Until 40 years ago, through-hole mounting was the dominant method for placing electronic components on printed circuit board assemblies. For years, this method was used to place virtually all components in the time period from the 1950’s until surface mount technology became popular in the 1980’s.
Although SMT is now used to place over 90% of electronic components because of the advantages provided by automation, through-hole mounting is still thriving in select use cases. While board designers appreciate the smaller sized components and greater functionality provided by SMT, through-hole continues have a niche in printed circuit board assembly.
VR Industries offers both surface mount technology and through-hole component placement, and our manufacturing experts are equipped with the technical expertise to determine the best way to manufacture your PCBA.
The following overview provides a comprehensive look at surface mount technology and through-hole mounting giving insight into each method.
Surface Mount Technology
Often referred to as SMT, surface-mount technology is an automated method for mounting electronic components directly onto a printed circuit board.
In VR’s process, solder paste is screen printed over the component pads using a custom stencil while the SMT machine is programmed and components are loaded in a magazine that feeds into the machine. Components are then placed on the bare boards and passed through a reflow oven so that the solder paste fuses the components to the boards.
Since SMT components do not go through the board, components called vias are used to create a conductive connection between the different board layers. Vias can also be utilized to connect to specific layers which also contributes to space savings.
Besides the faster assembly time and cheaper labor costs, SMT does provide additional benefits:
- In general, SMT boards are smaller and faster. This is the result of SMT components being much smaller and increased component density on the boards. Smaller boards are especially helpful for designing the final product.
- SMT boards don’t require holes to be drilled into the board to place the components. This means sourcing bare boards is easier and less expensive.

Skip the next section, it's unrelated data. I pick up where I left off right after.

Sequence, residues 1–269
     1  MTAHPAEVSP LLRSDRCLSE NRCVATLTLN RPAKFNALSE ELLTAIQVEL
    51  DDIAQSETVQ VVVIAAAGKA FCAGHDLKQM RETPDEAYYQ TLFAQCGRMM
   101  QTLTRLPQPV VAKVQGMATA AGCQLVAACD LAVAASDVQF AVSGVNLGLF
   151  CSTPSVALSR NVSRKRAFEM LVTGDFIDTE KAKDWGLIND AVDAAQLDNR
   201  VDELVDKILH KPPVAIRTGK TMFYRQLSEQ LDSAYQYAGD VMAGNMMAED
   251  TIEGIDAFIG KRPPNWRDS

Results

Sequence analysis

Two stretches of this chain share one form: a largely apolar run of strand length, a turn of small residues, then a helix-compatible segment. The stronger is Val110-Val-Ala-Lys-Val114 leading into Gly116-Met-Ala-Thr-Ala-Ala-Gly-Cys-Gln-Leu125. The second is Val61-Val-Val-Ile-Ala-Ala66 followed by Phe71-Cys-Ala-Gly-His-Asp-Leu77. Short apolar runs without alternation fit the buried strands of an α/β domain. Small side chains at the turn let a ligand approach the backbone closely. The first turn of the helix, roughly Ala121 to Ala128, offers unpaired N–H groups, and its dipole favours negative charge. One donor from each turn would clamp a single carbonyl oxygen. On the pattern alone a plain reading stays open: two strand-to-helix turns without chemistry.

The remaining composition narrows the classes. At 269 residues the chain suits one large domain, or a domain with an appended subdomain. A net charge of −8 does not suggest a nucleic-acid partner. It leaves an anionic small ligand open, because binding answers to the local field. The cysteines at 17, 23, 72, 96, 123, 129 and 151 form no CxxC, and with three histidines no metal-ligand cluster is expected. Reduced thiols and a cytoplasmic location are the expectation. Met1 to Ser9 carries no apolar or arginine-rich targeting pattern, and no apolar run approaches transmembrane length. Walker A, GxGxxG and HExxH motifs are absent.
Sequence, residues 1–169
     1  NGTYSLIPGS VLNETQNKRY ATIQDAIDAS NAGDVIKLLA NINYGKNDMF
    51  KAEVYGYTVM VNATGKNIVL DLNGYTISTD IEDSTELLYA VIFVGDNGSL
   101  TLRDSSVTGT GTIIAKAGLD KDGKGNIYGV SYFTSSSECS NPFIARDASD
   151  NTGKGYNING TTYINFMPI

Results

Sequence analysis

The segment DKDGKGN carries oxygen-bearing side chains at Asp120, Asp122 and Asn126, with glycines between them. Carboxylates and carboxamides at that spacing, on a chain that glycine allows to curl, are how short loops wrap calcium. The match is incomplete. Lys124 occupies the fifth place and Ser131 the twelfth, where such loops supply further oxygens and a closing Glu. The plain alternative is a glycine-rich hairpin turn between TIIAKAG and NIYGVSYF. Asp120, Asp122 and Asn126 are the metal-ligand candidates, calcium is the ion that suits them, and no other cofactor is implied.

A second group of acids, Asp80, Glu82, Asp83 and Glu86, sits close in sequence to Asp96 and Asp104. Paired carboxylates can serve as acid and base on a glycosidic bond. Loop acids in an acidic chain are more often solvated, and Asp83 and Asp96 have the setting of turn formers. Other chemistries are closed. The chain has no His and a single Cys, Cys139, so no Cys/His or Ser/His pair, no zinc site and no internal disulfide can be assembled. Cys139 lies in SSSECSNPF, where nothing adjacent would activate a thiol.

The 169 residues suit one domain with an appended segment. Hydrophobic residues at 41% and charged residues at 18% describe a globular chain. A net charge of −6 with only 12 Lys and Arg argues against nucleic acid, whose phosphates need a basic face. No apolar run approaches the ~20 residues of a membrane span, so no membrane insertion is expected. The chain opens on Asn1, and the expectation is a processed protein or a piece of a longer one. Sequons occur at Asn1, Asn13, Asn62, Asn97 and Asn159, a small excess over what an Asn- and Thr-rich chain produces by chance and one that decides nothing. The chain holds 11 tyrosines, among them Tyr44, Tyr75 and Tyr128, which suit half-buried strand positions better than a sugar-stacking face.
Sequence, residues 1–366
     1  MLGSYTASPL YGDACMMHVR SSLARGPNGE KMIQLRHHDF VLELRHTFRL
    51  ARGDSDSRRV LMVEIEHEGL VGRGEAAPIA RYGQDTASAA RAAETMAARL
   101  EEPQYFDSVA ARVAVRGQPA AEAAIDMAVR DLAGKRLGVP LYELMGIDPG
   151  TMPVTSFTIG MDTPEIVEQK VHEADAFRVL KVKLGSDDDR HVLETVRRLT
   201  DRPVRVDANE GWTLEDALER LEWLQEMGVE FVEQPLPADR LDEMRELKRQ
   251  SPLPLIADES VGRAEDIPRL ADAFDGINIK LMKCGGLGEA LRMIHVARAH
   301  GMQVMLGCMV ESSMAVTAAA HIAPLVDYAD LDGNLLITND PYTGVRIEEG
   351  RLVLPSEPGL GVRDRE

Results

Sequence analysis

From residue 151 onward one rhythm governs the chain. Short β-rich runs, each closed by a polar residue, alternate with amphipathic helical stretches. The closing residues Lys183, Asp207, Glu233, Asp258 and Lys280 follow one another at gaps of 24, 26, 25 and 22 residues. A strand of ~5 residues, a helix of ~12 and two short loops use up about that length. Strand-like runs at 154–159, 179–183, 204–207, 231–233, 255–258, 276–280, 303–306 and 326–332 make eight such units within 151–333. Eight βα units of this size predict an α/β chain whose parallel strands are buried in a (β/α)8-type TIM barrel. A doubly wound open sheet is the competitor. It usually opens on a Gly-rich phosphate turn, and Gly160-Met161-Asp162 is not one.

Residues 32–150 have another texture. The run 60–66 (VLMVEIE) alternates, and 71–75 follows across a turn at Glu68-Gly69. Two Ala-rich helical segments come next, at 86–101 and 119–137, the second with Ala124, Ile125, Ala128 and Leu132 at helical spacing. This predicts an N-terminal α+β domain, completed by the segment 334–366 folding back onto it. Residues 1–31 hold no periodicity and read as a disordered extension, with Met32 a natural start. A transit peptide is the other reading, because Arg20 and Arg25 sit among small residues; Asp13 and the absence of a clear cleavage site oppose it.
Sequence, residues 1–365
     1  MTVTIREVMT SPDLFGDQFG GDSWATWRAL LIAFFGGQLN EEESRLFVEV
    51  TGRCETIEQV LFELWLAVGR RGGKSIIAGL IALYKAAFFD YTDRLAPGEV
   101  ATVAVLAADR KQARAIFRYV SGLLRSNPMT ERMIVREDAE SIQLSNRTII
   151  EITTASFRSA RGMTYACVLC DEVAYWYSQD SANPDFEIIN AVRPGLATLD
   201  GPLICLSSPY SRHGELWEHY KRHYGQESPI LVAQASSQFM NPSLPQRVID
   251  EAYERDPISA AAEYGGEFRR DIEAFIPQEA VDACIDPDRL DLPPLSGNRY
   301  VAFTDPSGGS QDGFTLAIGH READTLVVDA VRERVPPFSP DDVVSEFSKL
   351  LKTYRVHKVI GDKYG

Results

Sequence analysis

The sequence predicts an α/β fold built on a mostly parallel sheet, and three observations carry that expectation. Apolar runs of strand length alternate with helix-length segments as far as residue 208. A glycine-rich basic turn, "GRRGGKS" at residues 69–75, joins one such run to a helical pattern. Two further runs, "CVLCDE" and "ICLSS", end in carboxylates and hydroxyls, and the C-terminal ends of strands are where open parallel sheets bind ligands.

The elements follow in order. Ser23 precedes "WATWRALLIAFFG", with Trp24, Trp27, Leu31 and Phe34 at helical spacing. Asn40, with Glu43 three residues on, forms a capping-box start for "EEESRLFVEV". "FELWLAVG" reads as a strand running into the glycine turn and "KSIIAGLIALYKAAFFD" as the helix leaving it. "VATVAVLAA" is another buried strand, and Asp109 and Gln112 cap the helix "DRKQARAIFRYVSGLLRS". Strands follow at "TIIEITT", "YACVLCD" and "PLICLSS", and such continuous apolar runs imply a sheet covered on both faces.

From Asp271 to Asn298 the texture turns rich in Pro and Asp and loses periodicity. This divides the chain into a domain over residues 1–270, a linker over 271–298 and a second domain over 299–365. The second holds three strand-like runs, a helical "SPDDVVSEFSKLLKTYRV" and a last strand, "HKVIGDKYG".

- SMT solder joints are generally more stable in shake and vibration type conditions
Commonly called THM, through-hole mounting is a manual process where a technician solders components to the PCB by inserting leads into pre-drilled holes.
Two types of leads are used for THM: Radial and Axial.
- Radial lead components run parallel to each other on the same side of the component. When the leads are placed through the board, it causes the component to stand up, appearing perpendicular to the PCB. This often provides more space for other components
- Axial lead components run through the center of the component and exit from each end. These components do not protrude as much from the board and give the appearance of lying flat. The two separate leads are placed through the board, which leads to a tighter fit
Although used in a small minority of instances, THM still has practical applications:
- In instances of prototyping and testing, THM is often used. This is because through-hole components are easier to alter since the solder connection is not as permanent as in SMT
- THM creates a strong bond between the component and PCB. As a result, it is used in military and aerospace products which require a high tolerance for environmental stress.
Even though through-hole may seem outdated, it will continue to be utilized while it still provides practical benefits. SMT will always prove to be more efficient but special considerations must be taken into account before settling on a manufacturing plan.